Over the past two sessions, Good Jobs Here participants have learned a variety of information. In session one, participants heard from Dr. Jim Johnson, University of North Carolina, on how demographics across the nation have changed and affect how the workforce looks and functions. Dr. Johnson pointed out that in the South, the population has changed 54.6%, with all of the PDC 16 localities seeing and increase in population growth from 2010-2018.

Janel Donahue, Rappahannock United Way, introduced participants to the ALICE (Asset Limited, Income Constrained, Employed) population in the region. Ms. Donahue explained that 115,884 households in the greater Fredericksburg region struggle to afford the basics. Ms. Donahue explained how when employees cannot afford the basics, it affects how they function at work and the need for a living wage to help secure a thriving workforce.

In session two, Dr. Lance Gentry, University of Mary Washington, showed participants how the workforce has grown with the majority of the region’s workforce out commuting for employment. Dr. Gentry also informed participants that the majority of people who travel in the region for employment do so by car and drive alone, impacting our region’s infrastructure.

Dr. Gentry found:

  • 42.2% of the area’s workforce commutes to work outside the region, up from 37% in 2013,
  • 24.8% of our commuters spend at least two hours a day driving to and from work,
  • Our commuters are more likely to have higher levels of education and military experience than non-commuters,
  • Our commuters have higher average incomes than non-commuters at every level of education.

In the final session, Good Jobs Here participants saw the outcome of their efforts, a shared community vision of

Through regional collaboration, we will prepare and care for a diversified, skilled workforce that meets 21st-century employer needs and attracts new businesses and industries to the George Washington community. 

The previous sessions led to the creation of 11 proposed goals:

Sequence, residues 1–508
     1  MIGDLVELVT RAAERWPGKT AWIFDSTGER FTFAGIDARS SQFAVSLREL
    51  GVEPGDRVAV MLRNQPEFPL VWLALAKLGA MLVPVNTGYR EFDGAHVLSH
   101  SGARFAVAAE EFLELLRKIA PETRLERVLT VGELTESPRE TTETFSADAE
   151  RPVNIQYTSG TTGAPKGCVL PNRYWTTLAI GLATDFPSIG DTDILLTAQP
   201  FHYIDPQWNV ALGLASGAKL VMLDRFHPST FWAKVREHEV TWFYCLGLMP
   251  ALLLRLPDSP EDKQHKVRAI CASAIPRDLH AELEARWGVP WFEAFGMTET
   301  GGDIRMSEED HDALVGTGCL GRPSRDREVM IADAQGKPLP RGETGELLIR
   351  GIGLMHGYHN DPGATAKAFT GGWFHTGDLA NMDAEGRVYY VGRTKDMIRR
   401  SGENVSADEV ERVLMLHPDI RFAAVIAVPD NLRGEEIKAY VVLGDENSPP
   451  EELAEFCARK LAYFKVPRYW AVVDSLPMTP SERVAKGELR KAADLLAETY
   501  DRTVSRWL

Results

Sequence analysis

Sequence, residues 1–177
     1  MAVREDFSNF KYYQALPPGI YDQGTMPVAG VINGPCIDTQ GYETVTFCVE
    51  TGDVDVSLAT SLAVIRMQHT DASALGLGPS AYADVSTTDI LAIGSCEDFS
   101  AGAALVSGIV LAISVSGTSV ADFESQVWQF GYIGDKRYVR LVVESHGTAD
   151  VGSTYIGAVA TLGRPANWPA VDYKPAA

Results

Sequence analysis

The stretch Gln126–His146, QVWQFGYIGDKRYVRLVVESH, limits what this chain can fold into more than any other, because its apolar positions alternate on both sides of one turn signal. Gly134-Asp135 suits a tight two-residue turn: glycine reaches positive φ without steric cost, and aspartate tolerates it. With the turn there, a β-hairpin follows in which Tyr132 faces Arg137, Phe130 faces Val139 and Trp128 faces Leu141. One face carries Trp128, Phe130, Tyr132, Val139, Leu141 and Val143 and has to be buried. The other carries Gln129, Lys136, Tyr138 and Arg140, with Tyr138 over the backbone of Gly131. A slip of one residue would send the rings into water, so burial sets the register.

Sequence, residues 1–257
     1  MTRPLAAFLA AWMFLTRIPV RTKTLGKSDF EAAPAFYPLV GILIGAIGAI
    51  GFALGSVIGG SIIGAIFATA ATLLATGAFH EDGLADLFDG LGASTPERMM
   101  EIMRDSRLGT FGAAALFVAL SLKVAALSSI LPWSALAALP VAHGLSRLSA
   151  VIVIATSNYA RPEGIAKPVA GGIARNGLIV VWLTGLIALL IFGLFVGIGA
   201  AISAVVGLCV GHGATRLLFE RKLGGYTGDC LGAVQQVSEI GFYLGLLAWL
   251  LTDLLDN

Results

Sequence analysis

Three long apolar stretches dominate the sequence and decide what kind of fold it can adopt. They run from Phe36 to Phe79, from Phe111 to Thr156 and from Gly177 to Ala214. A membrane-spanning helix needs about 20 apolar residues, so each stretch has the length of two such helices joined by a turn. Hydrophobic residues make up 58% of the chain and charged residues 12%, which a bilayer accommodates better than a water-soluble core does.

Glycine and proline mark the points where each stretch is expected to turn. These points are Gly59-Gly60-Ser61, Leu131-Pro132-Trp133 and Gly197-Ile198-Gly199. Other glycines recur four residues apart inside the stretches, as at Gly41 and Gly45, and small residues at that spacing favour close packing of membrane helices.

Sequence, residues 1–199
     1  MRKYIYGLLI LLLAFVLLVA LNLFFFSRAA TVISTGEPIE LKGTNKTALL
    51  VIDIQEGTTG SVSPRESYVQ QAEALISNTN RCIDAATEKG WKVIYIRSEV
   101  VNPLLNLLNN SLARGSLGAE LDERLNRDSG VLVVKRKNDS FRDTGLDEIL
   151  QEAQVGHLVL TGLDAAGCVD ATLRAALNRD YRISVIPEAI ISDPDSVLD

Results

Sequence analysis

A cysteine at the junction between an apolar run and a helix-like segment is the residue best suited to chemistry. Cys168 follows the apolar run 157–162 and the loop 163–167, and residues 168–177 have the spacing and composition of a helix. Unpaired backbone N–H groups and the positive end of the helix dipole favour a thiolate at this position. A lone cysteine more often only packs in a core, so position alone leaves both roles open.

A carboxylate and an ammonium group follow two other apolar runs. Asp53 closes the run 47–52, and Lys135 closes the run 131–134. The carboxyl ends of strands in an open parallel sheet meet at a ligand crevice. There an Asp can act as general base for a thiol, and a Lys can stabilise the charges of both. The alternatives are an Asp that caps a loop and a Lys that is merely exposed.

1. Create a strong and unique regional community identity.
  2. Restructure high school education programs to provide more training for jobs.
  3. Promote vocational and technical trade opportunities.
  4. Create workforce partnerships between employers and non-profit agencies.
  5. Improve the transportation network to reduce congestion and increase accessibility.
  6. Embrace and promote diversity and inclusivity.
  7. Create innovative solutions to meet ALICE needs.
  8. Create partnerships to more effectively address affordable housing.
  9. Launch a childcare initiative by local businesses to help subsidize employee costs.
  10. Provide housing education for both problem solvers and those affected by job and housing challenges.
  11. Revise regulations to lower barriers to major employers, small businesses, and a healthy housing stock.

All economic development plans for the five localities were analyzed and compared to the 11 proposed goals to determine where localities were in moving towards these goals. From the findings, the localities are already moving towards accomplishing these goals, but work still needs to be done.

Linda Millsaps, Director of the George Washington Regional Commission (PDC 16), stated she would be taking the findings of these sessions for a roadshow around the region in the spring to continue to receive community input on the lessons learned.


Written By: Jennifer Morgan